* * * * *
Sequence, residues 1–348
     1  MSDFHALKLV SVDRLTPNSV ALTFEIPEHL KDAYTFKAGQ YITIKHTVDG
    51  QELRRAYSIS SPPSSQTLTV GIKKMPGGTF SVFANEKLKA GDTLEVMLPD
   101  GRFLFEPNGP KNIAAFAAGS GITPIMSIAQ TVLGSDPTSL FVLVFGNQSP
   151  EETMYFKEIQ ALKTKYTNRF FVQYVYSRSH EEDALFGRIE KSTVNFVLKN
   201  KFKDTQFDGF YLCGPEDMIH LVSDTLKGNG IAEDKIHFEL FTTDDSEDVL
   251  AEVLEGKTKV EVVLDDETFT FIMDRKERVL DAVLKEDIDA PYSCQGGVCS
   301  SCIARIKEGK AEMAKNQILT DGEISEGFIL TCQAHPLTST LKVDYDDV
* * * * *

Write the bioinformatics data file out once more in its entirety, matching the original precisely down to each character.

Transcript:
Sequence, residues 1–348
     1  MSDFHALKLV SVDRLTPNSV ALTFEIPEHL KDAYTFKAGQ YITIKHTVDG
    51  QELRRAYSIS SPPSSQTLTV GIKKMPGGTF SVFANEKLKA GDTLEVMLPD
   101  GRFLFEPNGP KNIAAFAAGS GITPIMSIAQ TVLGSDPTSL FVLVFGNQSP
   151  EETMYFKEIQ ALKTKYTNRF FVQYVYSRSH EEDALFGRIE KSTVNFVLKN
   201  KFKDTQFDGF YLCGPEDMIH LVSDTLKGNG IAEDKIHFEL FTTDDSEDVL
   251  AEVLEGKTKV EVVLDDETFT FIMDRKERVL DAVLKEDIDA PYSCQGGVCS
   301  SCIARIKEGK AEMAKNQILT DGEISEGFIL TCQAHPLTST LKVDYDDV